As of May 2023, this driver is still in development and is not merged in Godot 4.0 or the master branch. While Direct3D 12 allows supporting Direct3D-exclusive features on Windows 11 such as windowed optimizations and Auto HDR, Vulkan is still recommended for most projects. See the pull request that introduced Direct3D 12 support for more information.


Godot supports Metal rendering via MoltenVK, as macOS and iOS do not support Vulkan natively. This is done automatically when specifying the Vulkan driver in the Project Settings.

MoltenVK makes driver maintenance easy at the cost of some performance overhead. Also, MoltenVK has several limitations that a native Metal driver implementation wouldn't have. Both the clustered and mobile Rendering methods can be used with a Metal backend via MoltenVK.

A native Metal driver is planned in the future for better performance and compatibility.


This driver uses OpenGL ES 3.0 and targets legacy and low-end devices that don't support Vulkan. OpenGL 3.3 Core Profile is used on desktop platforms to run this driver, as most graphics drivers on desktop don't support OpenGL ES. WebGL 2.0 is used for web exports.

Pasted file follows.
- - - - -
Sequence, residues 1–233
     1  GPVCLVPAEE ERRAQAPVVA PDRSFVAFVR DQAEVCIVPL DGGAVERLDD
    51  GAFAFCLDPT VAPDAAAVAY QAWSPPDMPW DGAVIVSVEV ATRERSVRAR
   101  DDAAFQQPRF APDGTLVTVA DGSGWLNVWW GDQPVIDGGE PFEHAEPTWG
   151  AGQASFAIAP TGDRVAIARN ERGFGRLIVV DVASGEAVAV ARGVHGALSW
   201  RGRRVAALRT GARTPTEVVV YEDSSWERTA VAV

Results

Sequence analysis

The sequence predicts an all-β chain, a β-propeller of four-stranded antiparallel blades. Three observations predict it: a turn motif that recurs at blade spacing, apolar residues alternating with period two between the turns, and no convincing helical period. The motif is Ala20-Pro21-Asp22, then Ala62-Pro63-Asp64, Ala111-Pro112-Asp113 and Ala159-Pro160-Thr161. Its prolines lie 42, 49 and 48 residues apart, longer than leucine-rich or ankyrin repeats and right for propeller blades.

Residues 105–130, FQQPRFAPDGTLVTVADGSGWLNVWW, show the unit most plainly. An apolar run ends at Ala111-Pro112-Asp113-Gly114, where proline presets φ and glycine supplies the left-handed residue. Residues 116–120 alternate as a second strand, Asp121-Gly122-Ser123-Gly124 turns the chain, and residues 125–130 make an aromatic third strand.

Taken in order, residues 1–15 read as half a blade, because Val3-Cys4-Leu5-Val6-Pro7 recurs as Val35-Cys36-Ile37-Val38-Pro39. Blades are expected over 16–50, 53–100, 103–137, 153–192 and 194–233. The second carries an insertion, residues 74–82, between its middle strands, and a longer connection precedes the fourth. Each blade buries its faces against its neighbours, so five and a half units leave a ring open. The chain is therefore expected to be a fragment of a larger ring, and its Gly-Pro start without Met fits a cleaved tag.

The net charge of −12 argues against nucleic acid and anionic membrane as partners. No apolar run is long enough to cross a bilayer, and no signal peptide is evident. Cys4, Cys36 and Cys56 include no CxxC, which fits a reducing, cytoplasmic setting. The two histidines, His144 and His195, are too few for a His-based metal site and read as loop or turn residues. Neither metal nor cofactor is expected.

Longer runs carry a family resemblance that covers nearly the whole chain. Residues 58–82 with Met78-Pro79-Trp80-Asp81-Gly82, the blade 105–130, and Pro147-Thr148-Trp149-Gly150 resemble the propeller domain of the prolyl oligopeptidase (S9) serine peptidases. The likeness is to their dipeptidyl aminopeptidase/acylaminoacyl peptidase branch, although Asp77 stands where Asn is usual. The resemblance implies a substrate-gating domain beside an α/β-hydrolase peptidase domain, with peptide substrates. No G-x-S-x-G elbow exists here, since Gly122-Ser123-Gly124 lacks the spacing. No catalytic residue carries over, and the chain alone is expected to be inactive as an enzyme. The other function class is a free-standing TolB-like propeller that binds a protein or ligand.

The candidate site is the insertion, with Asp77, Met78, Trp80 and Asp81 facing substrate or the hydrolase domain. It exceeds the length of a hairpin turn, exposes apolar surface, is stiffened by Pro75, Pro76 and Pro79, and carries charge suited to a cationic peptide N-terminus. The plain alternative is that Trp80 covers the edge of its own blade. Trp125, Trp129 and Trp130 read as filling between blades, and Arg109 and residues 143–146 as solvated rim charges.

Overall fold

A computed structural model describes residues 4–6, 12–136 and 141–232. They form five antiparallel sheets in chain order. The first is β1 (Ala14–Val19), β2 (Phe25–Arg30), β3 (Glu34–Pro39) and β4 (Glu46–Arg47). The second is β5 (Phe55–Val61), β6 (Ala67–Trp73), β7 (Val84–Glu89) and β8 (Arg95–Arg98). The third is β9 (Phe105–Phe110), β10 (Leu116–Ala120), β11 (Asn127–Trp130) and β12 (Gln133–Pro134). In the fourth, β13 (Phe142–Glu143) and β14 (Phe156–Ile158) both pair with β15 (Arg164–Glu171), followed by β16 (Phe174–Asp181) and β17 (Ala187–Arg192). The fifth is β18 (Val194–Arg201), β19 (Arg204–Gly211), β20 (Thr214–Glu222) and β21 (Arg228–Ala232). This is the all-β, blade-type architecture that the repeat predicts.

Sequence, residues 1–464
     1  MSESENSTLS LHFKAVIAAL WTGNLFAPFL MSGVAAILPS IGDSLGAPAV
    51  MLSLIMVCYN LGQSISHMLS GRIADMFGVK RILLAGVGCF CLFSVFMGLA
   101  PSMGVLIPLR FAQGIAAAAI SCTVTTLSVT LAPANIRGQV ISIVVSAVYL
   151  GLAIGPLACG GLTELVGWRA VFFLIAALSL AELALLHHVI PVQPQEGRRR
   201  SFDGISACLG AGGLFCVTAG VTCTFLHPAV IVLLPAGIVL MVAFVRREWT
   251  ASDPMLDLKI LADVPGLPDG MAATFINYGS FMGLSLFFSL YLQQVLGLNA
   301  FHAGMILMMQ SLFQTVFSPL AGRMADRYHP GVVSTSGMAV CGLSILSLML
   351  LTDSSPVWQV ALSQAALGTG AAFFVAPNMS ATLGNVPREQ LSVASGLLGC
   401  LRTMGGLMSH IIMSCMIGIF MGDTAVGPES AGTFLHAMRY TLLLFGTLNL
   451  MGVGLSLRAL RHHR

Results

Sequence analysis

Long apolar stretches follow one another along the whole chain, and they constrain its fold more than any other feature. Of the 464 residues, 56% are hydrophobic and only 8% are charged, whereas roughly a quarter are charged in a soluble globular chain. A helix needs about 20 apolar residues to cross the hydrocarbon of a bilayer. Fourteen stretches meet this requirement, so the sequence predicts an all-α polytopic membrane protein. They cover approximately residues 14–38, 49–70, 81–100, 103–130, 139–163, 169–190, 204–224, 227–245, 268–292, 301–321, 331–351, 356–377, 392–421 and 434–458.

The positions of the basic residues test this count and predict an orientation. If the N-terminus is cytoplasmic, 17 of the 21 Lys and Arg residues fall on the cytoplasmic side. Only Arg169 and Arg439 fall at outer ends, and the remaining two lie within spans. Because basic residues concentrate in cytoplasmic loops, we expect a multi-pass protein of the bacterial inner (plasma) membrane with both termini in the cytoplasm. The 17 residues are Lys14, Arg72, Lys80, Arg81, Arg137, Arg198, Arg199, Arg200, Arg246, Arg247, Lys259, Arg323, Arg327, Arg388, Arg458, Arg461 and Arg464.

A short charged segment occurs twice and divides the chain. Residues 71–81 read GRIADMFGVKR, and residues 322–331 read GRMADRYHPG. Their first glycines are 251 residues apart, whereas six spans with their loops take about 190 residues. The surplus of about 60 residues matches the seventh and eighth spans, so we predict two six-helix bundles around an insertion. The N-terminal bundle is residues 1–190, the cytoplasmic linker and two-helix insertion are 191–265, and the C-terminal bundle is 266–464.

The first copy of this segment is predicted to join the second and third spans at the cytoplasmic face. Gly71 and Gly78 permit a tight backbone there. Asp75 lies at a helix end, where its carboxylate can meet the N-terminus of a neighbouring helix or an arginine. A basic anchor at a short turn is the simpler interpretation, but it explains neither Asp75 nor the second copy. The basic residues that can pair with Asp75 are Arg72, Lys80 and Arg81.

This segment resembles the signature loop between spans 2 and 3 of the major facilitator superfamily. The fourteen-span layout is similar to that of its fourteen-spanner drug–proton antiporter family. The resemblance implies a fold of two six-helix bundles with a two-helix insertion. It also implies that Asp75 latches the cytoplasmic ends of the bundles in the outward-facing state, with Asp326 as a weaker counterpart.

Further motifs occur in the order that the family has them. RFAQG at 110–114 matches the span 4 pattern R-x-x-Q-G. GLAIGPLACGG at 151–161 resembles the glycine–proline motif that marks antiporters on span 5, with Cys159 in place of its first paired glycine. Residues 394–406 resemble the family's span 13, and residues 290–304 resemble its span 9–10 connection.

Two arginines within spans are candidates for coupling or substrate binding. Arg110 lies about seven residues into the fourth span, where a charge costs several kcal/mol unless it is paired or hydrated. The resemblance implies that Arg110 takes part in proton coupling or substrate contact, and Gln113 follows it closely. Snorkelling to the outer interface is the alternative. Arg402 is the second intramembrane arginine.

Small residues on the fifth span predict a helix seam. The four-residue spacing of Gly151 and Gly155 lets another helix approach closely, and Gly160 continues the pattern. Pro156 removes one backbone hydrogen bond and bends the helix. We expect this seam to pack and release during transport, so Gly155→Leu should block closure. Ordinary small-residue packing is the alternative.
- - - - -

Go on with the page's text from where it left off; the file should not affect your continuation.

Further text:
Only the Compatibility rendering method can be used with the OpenGL driver.

Core shaders are entirely different from the Vulkan renderer.

As of May 2023, this driver is still in development. Many features are still not implemented, especially in 3D.

Summary of rendering drivers/methods

The following rendering API + rendering method combinations are currently possible:

  • Vulkan + Forward+

  • Vulkan + Forward Mobile

  • Direct3D 12 + Forward+

  • Direct3D 12 + Forward Mobile

  • Metal + Forward+ (via MoltenVK)

  • Metal + Forward Mobile (via MoltenVK)

  • OpenGL + Compatibility

Each combination has its own limitations and performance characteristics. Make sure to test your changes on all rendering methods if possible before opening a pull request.

RenderingDevice abstraction


The OpenGL driver does not use the RenderingDevice abstraction.

To make the complexity of modern low-level graphics APIs more manageable, Godot uses its own abstraction called RenderingDevice.

This means that when writing code for modern rendering methods, you don't actually use the Vulkan or Direct3D 12 APIs directly. While this is still lower-level than an API like OpenGL, this makes working on the renderer easier, as RenderingDevice will abstract many API-specific quirks for you. The RenderingDevice presents a similar level of abstraction as Metal or WebGPU.

Vulkan RenderingDevice implementation: